Here are some of the faults you may experience when using your rotary tattoo machine.

Voltage issues: Your machine can fail to start due to insufficient power supply or low voltage. If you’re certain to have assembled your machine correctly, then it fails to start; you will need to check your power supply. Keep in mind that the machine might be defective as well.

Needle-related issues: When you are making a tattoo, the needle suspension of your gun can jam. In most cases, jamming occurs when the needle-bar pin loosens up or the inner piston clogs. New pistons can also cause jamming, particularly if they are not well lubricated. You can remedy these issues by ensuring all parts of your rotary are well remedied.

Pistons: If you notice that the motor of your rotary tattoo machine is straining or underperforming, odds are, its piston is clogged, or the pin connection is loose. Your motor could be struggling because the adjustment screw is too close to the cap. Lubricating or tightening the rotary parts should solve the problem.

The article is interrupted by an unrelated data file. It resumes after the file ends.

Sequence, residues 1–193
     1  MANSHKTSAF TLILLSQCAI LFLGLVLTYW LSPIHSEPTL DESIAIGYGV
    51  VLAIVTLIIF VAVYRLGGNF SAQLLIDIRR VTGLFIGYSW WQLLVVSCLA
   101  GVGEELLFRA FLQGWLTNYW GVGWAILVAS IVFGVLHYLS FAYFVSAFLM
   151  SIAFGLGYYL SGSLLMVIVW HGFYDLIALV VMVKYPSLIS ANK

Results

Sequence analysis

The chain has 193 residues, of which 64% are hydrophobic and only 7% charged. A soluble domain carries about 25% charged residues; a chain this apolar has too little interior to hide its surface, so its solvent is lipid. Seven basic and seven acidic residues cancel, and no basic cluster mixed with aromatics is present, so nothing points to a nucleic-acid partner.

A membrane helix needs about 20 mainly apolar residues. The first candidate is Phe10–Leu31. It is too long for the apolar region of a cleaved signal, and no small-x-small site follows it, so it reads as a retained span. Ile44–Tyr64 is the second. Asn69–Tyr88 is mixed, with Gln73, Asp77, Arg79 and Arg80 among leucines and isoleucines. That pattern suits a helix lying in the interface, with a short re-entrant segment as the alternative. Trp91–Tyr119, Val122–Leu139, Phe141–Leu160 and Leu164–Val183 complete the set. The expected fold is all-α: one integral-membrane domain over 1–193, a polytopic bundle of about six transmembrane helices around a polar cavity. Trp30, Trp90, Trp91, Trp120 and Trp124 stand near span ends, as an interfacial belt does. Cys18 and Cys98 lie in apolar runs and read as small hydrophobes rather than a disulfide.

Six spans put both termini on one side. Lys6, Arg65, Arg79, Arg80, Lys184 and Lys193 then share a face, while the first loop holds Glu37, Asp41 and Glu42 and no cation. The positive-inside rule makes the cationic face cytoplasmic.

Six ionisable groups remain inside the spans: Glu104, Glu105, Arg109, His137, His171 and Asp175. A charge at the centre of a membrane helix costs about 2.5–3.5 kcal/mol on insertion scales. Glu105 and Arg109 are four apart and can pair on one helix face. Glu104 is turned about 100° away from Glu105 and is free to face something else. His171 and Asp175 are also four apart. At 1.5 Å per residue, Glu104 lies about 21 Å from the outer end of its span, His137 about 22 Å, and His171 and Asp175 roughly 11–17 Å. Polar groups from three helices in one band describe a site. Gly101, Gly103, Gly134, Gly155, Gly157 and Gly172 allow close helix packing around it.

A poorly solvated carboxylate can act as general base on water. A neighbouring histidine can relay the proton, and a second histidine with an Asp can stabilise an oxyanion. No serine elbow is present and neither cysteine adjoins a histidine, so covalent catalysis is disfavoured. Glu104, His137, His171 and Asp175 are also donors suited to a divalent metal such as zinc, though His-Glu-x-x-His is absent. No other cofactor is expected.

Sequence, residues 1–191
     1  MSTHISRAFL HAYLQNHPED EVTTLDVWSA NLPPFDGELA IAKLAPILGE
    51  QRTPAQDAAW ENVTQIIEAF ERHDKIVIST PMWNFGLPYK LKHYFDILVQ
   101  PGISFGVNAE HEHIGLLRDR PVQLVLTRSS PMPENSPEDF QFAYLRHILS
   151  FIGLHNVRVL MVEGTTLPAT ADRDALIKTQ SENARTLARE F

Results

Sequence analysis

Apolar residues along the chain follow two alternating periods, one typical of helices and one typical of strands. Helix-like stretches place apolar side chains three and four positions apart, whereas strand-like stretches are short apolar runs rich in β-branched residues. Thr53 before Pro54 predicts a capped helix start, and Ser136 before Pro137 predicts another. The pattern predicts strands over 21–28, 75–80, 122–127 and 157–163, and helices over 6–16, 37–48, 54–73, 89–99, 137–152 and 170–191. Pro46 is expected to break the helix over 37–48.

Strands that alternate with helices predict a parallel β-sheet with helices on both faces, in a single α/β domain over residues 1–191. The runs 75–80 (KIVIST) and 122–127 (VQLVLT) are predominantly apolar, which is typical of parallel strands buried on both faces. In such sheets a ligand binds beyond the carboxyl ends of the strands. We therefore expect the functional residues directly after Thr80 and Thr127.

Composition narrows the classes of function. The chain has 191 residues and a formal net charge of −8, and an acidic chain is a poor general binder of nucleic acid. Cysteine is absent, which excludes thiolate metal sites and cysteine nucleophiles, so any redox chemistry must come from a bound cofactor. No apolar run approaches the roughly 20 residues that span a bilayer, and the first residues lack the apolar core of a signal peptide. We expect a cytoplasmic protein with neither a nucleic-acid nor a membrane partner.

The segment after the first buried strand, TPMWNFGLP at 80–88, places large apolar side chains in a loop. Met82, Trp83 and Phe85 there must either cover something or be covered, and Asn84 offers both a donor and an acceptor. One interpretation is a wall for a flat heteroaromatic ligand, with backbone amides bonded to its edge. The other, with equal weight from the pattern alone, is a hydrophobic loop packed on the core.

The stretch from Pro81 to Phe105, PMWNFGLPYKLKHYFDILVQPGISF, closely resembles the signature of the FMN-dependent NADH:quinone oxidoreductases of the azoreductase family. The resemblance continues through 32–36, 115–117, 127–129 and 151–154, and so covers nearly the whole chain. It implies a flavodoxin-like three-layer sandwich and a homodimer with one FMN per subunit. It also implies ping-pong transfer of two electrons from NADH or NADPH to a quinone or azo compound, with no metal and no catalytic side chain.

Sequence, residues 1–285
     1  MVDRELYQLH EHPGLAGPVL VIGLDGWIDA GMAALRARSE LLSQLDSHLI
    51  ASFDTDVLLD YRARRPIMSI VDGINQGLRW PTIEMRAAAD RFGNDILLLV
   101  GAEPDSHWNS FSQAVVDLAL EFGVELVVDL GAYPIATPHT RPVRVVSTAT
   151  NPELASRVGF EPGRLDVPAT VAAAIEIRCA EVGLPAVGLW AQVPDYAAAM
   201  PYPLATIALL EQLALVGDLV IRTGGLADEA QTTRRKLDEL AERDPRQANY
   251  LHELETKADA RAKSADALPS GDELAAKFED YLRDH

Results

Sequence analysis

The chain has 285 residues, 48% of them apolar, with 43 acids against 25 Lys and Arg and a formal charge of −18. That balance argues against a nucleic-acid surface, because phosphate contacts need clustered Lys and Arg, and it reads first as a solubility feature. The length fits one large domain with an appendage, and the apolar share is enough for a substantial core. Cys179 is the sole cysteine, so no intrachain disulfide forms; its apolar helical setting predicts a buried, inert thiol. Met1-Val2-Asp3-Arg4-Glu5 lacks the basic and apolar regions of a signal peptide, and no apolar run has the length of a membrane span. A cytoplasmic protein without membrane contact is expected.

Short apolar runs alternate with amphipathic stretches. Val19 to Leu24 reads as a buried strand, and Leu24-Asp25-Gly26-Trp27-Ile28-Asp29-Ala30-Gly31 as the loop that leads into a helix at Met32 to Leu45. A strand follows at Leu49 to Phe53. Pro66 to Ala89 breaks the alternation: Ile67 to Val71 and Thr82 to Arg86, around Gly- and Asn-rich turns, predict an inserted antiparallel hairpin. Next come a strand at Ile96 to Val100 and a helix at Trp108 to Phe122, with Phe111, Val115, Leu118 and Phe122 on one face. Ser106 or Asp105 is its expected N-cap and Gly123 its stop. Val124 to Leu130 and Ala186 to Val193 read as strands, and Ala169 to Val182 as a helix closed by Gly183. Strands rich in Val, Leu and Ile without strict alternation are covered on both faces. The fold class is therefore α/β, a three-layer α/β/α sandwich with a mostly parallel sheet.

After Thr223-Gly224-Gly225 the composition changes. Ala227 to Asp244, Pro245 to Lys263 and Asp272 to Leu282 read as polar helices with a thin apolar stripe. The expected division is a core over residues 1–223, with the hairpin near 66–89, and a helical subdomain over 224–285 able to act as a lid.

Speed reduction: Another frustrating issue many tattoo artists experience is speed reduction. The machine starts working correctly but appears to lose power gradually. Although speed reduction is mainly associated with power or a faulty motor, it might result from the needle-bar pin coming into contact with the housing. Another fault to consider is if the needle-bar retainer is too tight against the needle-bar or even worn out. Checking and troubleshooting the issues will solve the problem.

Springs: As a tattoo artist, you might find yourself battling with a wobbly needle-bar pin. If the needle-bar pin is unstable, the inner pistol spring of your gun might be loose or defective, or the piston and needle-bar pin movement might be unsynchronized.

Rotary tattoo machines are offered in different models and tend to vary from one brand to another. Although some common issues can be solved by lubricating your machine, the best bet when it comes to troubleshooting your rotary tattoo gun is by following the instruction manual. Manufacturers understand the different issues you can experience with your machine, so they proactively indicate potential issues and how to deal with them.

Rotary tattoo machine maintenance

Knowing how to service your machine is as important as knowing how to set it up.